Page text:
A casino is a gambling establishment where people can wager money on games of chance. Besides the usual gambling tables and slots, some casinos feature stage shows, gourmet restaurants and luxury hotels. Some of the most famous casinos are in Las Vegas, but there are also famous ones in other cities around the world.

A gambler’s chances of winning are improved by playing in a casino that has a favorable house edge. The house edge is a small percentage of each bet that the casino collects, and over time it can add up to significant profits. The house edge can vary by game and even by individual machine, but overall it is a significant factor in determining how much money the casino will make over time.

Despite the house advantage, many people still choose to gamble in casinos. This makes the business very profitable. In the United States alone, about 51 million people—a quarter of all Americans over age 21—visited a casino in 2002.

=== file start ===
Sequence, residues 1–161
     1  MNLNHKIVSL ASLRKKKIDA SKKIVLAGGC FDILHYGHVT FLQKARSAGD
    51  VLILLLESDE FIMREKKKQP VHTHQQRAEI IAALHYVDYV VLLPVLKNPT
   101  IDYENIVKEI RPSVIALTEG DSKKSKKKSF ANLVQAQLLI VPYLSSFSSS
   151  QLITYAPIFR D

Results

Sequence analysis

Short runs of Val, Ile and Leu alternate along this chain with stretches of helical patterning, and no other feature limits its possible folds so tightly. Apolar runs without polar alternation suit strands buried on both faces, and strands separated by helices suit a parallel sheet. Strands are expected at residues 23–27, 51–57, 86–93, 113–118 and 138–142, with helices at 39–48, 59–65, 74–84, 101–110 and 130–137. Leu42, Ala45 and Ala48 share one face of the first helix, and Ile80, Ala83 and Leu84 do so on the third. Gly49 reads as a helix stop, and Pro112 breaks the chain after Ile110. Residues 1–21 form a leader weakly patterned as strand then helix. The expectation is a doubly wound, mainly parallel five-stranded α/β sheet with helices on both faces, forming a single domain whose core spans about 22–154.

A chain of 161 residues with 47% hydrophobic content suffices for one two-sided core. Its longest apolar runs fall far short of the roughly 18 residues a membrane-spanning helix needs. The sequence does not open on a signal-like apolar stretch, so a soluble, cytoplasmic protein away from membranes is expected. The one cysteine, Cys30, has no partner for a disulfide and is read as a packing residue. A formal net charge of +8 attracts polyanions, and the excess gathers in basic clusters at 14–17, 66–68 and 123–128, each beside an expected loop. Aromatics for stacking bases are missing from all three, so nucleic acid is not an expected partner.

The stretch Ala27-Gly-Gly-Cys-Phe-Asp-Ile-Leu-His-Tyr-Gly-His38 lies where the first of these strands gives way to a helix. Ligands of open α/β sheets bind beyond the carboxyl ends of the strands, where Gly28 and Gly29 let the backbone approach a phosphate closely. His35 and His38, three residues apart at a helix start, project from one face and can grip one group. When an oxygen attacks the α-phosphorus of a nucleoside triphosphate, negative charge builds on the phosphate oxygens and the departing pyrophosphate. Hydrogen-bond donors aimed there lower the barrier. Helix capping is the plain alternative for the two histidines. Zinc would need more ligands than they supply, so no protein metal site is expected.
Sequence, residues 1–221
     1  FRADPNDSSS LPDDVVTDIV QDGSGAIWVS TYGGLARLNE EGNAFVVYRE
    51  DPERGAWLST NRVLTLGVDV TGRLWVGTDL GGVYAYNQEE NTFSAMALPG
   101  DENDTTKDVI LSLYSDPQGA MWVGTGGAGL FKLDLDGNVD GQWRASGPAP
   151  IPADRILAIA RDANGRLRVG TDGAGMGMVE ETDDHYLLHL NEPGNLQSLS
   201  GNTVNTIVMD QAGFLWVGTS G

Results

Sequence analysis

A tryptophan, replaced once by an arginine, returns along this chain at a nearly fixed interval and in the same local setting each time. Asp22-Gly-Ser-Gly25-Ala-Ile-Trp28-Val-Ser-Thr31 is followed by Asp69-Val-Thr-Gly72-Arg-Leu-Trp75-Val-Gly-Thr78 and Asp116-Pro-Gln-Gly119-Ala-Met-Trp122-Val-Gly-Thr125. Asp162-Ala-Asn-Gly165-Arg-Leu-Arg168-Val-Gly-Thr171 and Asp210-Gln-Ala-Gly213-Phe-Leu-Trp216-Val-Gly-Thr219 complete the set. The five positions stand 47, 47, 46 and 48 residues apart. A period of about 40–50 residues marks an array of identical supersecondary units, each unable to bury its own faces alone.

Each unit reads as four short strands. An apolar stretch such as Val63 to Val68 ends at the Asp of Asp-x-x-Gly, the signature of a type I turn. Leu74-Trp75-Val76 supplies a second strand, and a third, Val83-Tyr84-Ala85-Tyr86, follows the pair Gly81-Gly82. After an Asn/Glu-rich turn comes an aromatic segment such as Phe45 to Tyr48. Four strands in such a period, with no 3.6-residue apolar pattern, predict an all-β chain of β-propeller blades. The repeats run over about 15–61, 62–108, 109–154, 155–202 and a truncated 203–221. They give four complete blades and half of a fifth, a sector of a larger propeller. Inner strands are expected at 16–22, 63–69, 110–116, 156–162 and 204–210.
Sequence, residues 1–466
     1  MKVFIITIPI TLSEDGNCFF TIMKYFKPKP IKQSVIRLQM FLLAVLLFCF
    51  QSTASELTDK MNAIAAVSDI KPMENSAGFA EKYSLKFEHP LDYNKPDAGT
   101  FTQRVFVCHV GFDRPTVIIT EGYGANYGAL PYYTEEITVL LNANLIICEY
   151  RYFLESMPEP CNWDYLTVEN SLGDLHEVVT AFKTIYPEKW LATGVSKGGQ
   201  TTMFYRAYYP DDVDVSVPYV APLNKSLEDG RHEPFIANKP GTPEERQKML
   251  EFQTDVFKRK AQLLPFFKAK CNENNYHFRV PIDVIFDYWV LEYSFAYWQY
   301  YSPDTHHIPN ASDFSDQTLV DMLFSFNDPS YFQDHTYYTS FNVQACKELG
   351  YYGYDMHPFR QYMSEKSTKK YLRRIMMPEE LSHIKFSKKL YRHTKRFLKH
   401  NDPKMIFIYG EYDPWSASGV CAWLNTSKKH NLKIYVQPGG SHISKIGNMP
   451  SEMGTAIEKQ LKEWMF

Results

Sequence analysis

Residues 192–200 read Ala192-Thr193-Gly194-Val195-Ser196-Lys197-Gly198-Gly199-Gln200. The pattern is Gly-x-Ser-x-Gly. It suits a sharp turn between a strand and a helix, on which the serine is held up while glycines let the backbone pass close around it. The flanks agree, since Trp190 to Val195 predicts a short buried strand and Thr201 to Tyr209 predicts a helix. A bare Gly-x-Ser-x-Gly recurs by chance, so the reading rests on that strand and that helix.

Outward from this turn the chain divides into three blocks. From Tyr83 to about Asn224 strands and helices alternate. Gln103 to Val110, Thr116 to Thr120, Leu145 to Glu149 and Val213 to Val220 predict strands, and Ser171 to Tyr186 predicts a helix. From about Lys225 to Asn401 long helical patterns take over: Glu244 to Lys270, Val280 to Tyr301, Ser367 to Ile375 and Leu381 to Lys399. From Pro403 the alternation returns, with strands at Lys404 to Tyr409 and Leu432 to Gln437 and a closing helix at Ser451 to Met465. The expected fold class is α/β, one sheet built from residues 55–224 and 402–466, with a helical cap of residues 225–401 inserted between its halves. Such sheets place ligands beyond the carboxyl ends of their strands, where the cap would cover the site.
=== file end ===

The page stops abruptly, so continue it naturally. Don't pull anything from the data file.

The success of casinos has given rise to concerns about cheating and theft by both patrons and employees. Because large amounts of cash are handled within casinos, security measures are extremely important. Casinos typically have a physical security force that patrols the floor and a specialized surveillance department that monitors closed circuit television, known in the industry as the “eye in the sky.” Security personnel can adjust the cameras to focus on suspicious patrons or specific machines. They can also watch the tapes in a separate room filled with banks of security monitors.